The president of the German Association of Cities (Deutsche Städtetag), Munich mayor Christian Ude of the center-left Social Democratic Party, wants to verify the success of the agreements during an "additional integration summit." Ude said it must be ensured that the plan -- with its "imprecise but entirely well-intentioned goals" -- is in fact implemented.
Merkel's commissioner for integration, Maria Böhmer of the CDU, is also said to be aware of the problem. An interim assessment is planned for late 2008, sources close to the expert said, but they added it is still unclear how that will work.
Turkish Groups to Boycott Summit
Immigrant groups are likely to keep a particularly close eye on what the promises made in the Integration Plan are actually worth. Several Turkish immigrant associations have said they will boycott the integration summit in protest over the tightening of Germany's immigration laws approved by the Bundestag, the national parliament, on Friday. The organizations accuse Merkel and her associates of holding up the banner of integration while marching in the opposite direction when it comes time to make concrete decisions.
On Wednesday, Kenan Kolat, chairman of the Turkish Community in Germany (TGD) organization, said his group would not attend the summit. "We have determined that it makes no sense to participate because the government has not understood the seriousness of our concerns and doesn't appear to be willing to seriously discuss possible changes to the immigration law," Kolat told SPIEGEL ONLINE.
The Turkish group's main criticism, according to Kolat, is that new restrictions on later immigration of family members would apply differently to German citizens of German ethnicity and German citizens of non-German origin. "That is discrimination," he said. Forced marriages, he added, are human rights violations and must be punished legally. The new measures wouldn't do anything to stop the problem, he said.
His organization is also opposing a provision in the new law requiring immigrants to prove their knowledge of the German language before entering the country. "Of course we respect the decisions of the German parliament, but that doesn't mean they are going to help the process of integration," he told German public broadcaster ZDF.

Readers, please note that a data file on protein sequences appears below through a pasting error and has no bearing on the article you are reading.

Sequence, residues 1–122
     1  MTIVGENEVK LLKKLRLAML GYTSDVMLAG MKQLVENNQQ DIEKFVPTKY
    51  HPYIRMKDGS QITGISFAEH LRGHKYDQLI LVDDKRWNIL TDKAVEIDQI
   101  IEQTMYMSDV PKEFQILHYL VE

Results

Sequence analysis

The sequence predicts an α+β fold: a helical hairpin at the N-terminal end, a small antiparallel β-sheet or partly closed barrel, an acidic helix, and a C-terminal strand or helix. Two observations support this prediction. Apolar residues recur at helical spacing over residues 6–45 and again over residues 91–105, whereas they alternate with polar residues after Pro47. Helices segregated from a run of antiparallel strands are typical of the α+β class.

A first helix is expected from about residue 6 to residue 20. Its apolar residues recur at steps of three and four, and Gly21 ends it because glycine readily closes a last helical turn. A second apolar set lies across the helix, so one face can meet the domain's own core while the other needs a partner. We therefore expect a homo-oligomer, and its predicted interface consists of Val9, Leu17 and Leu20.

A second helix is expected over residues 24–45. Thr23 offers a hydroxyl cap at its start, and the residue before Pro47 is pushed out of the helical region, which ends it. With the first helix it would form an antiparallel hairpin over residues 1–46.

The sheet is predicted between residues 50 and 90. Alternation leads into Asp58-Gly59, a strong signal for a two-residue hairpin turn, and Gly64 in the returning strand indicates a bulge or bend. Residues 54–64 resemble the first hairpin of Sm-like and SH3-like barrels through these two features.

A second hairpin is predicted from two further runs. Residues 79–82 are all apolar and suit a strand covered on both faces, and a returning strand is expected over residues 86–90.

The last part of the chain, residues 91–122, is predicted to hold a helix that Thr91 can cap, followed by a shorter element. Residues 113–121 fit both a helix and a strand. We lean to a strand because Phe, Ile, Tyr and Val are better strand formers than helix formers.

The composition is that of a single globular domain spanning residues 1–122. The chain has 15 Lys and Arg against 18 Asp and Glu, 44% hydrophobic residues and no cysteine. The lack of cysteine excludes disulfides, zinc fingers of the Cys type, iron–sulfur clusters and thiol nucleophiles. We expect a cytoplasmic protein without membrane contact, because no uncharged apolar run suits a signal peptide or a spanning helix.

Despite the intention of TGD and three other major Turkish organizations to boycott the summit, integration coordinator Böhmer said the event would go ahead as planned. "The event will happen no matter what," Böhmer told SPIEGEL ONLINE, "and no chairs will go empty. You don't solve problems by staying away, but rather by speaking to each other."
She accused the groups of undermining their own interests, but added: "The integration of Germany's 2.5 million immigrants of Turkish origin will not suffer because of their decision."
The organizers of the integration summit are, of course, the wrong audience for such suspicions. The will to do more for the integration of immigrants is documented in all four chapters of the National Integration Plan. Still, there is no arguing that many of the pledges made by the federal government, state governments, the communal umbrella organizations and social groups are still rather vague.
Out of the roughly 150 measures announced by the German government, few are as tangible as the commitment to improve integration courses. The mandatory courses for immigrants wishing to become German citizens are to require more classroom hours than in the past, take place in smaller groups and be extended by options which cater especially to children, mothers and the illiterate. A special program for the promotion of job market entrants, designed for secondary school students, is to be ramped up to allow a total of 40,000 people to attend across the country.
'We Only Get the Second Best'
State governments have announced plans to submit immigrant children to language tests "as early as possible." Schools with a high percentage of foreigners would then receive additional support, by being allotted more teachers of immigrant origin, for example. Moreover, the federal government, state governments and communal umbrella organizations have also said they would commit to promote the hiring of more immigrants in civil service jobs.
German historian and integration expert Klaus Bade says he doubts all measures agreed on in the Integration Plan are "sensible and feasible," but at the same time he believes Merkel's summit will at least prevent the issue of integration from being left on the back burner any longer in Germany.
Bade also sees entirely pragmatic motives at work in Merkel's interest in what was for years a taboo issue: It is simply far cheaper to integrate immigrants when they are still children, he says, than to care for them if they wind up jobless and on the welfare rolls.
Besides, highly qualified immigrants now tend to avoid Germany. "We only get the second best," Bade says. "The best go to Silicon Valley or to England. "
With reporting by Andrea Brandt and Cordula Meyer.